Patients at the six killing centers were euthanized, as well as patients who were brought from over centers on buses with their windows painted over.

“The patients were never admitted to the hospital. They came in, they were given a very cursory examination by a doctor, and then they were taken outside to walk into the basement to the gas chamber,” Benedict said.

Benedict emphasized that doctors and nurses did not have to euthanize people, but were allowed to at their discretion.

Benedict said of one of the facilities that “there was no way people could not know something awful was going on there.”

“The children of the town and other towns would taunt each other with: ‘Be good, or you’ll get on the gray bus and you’ll go up the chimney’ because soon after the gray bus would arrive, black smoke would come up the chimney,” she said.

Following the death of 70,273 people, the T4 program ended and was succeeded by “wild euthanasia,” which did the same thing with a different method, Benedict said.

“Patients were killed individually,” she said. “[They] were taken one-by-one to the so-called ‘special rooms’ and they were overdosed and buried on the grounds.”

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Hysteria over swine flu is the real danger, some say

CNN | May 3, 2009

By Faith Karimi

(CNN) — As the number of swine flu cases rises around the world, so is a gradual backlash — with some saying the threat the virus poses is overblown.

By Sunday, 898 cases of the virus, known as influenza A (H1N1), had been confirmed in 18 countries, the World Health Organization said. The number of fatalities was at 20, including one in the United States.

“There is too much hysteria in the country and so far, there hasn’t been that great a danger,” said Congressman Ron Paul, a Republican from Texas. “It’s overblown, grossly so.”

Paul, who was a freshman congressman during a swine flu outbreak in 1976, said Congress voted to inoculate the whole country at the time.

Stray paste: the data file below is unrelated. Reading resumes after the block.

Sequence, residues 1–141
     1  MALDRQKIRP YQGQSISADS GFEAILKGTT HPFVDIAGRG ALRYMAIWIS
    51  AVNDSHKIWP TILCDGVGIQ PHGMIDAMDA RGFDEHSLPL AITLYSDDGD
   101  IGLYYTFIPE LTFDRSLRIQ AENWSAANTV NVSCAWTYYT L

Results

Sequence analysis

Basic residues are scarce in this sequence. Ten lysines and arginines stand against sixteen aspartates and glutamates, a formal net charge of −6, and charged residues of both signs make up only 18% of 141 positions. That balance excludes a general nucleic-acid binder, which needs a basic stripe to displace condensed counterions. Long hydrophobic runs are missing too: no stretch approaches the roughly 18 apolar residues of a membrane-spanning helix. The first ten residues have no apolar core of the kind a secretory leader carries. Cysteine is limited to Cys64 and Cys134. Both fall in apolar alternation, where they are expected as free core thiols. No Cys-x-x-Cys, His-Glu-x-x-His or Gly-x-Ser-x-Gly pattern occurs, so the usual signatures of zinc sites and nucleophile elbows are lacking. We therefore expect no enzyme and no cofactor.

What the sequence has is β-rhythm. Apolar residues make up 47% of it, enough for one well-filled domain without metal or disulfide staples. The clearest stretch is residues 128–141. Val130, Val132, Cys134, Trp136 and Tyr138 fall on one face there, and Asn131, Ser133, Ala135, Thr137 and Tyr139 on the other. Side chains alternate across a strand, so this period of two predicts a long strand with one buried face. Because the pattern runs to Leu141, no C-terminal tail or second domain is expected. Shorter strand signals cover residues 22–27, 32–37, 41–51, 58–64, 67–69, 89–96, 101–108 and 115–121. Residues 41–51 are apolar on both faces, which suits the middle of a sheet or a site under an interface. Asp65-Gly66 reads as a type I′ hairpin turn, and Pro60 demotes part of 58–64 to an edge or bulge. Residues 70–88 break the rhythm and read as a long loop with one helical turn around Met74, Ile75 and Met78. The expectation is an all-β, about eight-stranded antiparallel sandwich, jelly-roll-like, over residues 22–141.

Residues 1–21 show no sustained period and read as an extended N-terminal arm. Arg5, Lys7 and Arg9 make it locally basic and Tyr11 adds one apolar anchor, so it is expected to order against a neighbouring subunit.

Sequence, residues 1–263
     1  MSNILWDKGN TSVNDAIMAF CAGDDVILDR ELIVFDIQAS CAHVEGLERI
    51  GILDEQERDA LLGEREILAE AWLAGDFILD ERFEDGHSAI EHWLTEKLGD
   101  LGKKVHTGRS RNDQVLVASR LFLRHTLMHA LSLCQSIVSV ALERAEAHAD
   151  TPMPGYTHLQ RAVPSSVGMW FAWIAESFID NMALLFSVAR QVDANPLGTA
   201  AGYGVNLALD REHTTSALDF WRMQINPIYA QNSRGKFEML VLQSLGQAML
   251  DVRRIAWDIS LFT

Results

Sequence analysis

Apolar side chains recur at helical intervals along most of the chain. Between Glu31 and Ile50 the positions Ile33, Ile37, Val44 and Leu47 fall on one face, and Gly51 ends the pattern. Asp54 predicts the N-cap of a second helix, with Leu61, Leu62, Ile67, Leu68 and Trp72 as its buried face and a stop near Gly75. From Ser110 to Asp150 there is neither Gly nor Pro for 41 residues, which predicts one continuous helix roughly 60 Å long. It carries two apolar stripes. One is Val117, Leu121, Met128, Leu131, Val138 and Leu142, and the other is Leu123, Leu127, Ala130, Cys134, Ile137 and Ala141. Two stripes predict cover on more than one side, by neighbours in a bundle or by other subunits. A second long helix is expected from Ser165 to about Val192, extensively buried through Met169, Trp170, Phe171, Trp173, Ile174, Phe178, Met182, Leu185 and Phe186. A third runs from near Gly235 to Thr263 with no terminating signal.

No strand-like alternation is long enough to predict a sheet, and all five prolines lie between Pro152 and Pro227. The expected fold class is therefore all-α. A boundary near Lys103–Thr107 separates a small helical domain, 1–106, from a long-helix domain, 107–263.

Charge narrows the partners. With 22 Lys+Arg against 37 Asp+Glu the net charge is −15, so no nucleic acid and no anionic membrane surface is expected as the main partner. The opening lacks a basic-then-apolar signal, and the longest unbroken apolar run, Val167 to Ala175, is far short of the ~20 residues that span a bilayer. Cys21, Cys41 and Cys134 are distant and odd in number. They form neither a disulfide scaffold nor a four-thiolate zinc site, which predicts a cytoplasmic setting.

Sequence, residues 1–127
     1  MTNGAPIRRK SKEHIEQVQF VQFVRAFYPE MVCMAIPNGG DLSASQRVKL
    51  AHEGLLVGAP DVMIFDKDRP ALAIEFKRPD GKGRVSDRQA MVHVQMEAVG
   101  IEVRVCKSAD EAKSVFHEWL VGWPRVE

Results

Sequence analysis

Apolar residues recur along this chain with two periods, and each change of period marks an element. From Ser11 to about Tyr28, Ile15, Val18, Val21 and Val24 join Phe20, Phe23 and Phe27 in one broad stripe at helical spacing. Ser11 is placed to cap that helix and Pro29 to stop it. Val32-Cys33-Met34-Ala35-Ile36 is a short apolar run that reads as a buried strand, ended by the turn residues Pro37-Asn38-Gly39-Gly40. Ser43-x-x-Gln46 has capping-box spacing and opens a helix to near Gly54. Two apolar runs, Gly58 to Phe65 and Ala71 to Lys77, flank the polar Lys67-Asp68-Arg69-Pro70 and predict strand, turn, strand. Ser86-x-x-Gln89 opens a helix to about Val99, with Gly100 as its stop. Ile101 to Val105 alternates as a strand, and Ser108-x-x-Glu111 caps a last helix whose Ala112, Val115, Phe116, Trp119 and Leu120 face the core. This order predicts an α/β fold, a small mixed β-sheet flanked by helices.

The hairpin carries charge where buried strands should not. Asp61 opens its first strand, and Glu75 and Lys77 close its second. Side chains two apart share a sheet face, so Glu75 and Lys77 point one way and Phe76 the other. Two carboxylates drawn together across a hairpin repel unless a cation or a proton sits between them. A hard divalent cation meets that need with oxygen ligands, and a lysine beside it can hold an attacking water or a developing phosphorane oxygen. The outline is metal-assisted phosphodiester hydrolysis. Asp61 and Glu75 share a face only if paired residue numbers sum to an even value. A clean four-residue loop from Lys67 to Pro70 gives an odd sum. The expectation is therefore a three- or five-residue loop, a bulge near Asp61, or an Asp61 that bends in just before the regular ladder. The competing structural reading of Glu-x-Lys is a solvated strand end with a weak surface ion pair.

Twenty-five people died from the inoculation while one person was killed by the flu, Paul said, adding that he voted against inoculation. Video Watch Ron Paul talk about 1976 swine flu »

The United States’ only death this year from the virus was a 22-month-old boy in Texas who was visiting from Mexico. The other 19 deaths happened in Mexico.

“I wish people would back off a little bit,” Paul said.

Others shared Paul’s sentiment, saying the fear of the flu has gotten out of hand.

“We have people without symptoms going into the emergency rooms asking to be screened for swine flu at the expense of people with real illness,” said Cathy Gichema, a nurse in Pikesville, Maryland.

“Schools are being shut for probable causes — sending these kids congregating to the malls. How is that helping?” Gichema said.

Dr. Mark Bell, principal of Emergent Medical Associates, which operates 18 emergency departments in Southern California, said the level of fear is unprecedented.

“I haven’t seen such a panic among communities perhaps ever,” Bell said. “Right now, people think if they have a cough or a cold, they’re going to die. That’s a scary, frightening place to be in. I wish that this hysteria had not occurred and that we had tempered a little bit of our opinions and thoughts and fears in the media.”